Finally, that arti­cle about Hong-Kai Wang, by our good friend Mattin, that first sparked our inter­est in work­ing with artists from Taiwan, was pub­lished in White Fungus, and so it feels some­what fit­ting that White Fungus are our co-pro­duc­ers of this pub­li­ca­tion and the SUB­LATE event (2−3 Decem­ber), the grand finale of the ENTER­ING TONE tour. That essay, and Ron Hanson’s arti­cle about the Tai­wanese sound scene in that same edi­tion (WF13), enlarged our curios­ity to the point of won­der­ing whether a Tai­wanese tour might, in fact, be pos­si­ble. It is a plea­sure to col­lab­o­rate with a pub­li­ca­tion that has pro­vided so much knowl­edge and enjoy­ment to us and read­ers inter­ested in exper­i­men­tal music and art the world over. We are grate­ful to Ron and Mark Hanson for extend­ing the char­ac­ter­is­tic WF open­ness, energy, insight and vision into the real­i­sa­tion of this col­lab­o­ra­tion with us.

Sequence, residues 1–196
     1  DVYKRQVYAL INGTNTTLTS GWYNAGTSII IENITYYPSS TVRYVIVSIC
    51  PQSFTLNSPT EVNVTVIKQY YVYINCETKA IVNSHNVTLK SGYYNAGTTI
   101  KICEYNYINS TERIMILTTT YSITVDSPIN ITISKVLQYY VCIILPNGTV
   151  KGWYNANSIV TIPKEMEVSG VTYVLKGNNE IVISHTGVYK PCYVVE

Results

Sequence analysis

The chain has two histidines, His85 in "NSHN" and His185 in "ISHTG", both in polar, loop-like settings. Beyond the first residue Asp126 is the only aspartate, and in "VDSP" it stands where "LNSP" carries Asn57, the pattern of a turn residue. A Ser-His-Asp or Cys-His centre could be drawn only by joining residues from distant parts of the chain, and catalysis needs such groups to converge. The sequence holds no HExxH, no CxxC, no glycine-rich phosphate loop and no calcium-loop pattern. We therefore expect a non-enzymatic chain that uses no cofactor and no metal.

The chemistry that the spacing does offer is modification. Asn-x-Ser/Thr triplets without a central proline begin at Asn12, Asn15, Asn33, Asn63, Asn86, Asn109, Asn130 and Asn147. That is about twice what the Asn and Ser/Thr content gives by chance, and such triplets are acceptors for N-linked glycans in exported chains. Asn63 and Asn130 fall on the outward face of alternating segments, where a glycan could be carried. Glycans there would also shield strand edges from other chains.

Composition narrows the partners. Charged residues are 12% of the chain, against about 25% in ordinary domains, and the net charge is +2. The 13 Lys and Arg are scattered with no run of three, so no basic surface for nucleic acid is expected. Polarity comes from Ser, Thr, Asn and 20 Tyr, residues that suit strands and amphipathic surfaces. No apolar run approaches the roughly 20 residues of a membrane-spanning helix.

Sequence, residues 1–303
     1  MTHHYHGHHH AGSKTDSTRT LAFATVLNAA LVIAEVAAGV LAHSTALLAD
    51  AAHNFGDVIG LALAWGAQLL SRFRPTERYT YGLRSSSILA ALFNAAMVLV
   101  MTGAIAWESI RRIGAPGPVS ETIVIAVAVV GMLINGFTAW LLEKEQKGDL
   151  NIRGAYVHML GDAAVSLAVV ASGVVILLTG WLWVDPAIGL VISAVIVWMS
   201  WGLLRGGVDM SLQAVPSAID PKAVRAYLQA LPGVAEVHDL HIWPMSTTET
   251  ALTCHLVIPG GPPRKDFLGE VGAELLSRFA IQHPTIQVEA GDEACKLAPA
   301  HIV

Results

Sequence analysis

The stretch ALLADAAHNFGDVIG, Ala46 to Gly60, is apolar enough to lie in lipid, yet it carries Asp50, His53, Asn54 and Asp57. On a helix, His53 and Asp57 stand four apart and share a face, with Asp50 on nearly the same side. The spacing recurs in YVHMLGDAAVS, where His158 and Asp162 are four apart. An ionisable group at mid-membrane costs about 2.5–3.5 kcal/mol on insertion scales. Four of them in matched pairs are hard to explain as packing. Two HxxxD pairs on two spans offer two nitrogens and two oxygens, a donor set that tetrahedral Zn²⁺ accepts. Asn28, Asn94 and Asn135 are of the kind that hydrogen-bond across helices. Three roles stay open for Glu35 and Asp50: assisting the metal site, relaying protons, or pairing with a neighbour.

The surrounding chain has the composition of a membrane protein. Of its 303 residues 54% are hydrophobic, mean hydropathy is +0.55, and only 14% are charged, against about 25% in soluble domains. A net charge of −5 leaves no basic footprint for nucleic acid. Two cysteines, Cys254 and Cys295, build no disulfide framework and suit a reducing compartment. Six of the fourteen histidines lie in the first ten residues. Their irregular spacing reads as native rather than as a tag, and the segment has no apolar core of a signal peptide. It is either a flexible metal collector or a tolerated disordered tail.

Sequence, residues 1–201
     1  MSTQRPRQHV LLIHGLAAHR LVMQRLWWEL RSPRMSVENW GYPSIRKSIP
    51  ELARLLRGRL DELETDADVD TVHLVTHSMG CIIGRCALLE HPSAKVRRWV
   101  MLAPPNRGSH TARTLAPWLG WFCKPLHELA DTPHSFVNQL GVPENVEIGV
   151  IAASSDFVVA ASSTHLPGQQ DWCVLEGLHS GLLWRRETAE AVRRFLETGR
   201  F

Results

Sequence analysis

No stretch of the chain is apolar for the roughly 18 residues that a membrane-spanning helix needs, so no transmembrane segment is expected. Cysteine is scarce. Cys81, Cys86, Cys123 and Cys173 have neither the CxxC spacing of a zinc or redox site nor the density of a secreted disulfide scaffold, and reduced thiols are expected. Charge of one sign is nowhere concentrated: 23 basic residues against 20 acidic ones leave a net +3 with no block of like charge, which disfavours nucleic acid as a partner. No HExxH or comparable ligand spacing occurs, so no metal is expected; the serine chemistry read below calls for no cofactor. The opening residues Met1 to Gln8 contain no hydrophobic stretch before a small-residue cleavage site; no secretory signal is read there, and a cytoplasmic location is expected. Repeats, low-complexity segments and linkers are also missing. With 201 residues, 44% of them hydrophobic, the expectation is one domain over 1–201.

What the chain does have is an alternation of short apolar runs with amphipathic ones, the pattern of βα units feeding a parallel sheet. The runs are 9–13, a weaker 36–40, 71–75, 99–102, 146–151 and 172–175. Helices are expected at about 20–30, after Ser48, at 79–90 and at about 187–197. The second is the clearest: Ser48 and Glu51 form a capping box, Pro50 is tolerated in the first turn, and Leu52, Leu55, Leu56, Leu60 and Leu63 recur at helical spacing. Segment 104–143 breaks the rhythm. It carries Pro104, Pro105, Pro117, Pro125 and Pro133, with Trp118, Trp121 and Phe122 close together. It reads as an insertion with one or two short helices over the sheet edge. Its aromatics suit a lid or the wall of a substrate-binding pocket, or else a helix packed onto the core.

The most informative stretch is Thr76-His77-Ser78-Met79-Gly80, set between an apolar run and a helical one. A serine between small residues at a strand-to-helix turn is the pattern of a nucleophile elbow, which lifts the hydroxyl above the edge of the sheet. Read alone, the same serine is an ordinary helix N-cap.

We are excited about the dis­cur­sive and per­for­mance activ­i­ties we have planned for ENTER­ING TONE, and while we don’t know exactly what will tran­spire across our pro­gram of talks, per­for­mances and work­shops, we can relin­quish the need to know, because we know that what­ever hap­pens, the aware­ness we will be gen­er­at­ing means we won’t be unchanged.

Curated by Danni Zuvela with Anabelle Lacroix and Betty Apple



Betty Apple

des­e­crat­ing the imag­i­nary his­tor­i­cal burden and false sym­bols of race and his­tory

Hong-Kai Wang

A polit­i­cal space is often opened where con­tra­dic­tions and com­plex rela­tions occur. Rather than con­struct­ing a biog­ra­phy that illus­trates, it seems more inter­est­ing to explore a polit­i­cal his­tory of an artist’s friend­ship with his col­lab­o­ra­tors and inter­locu­tors, includ­ing myself.

Acid House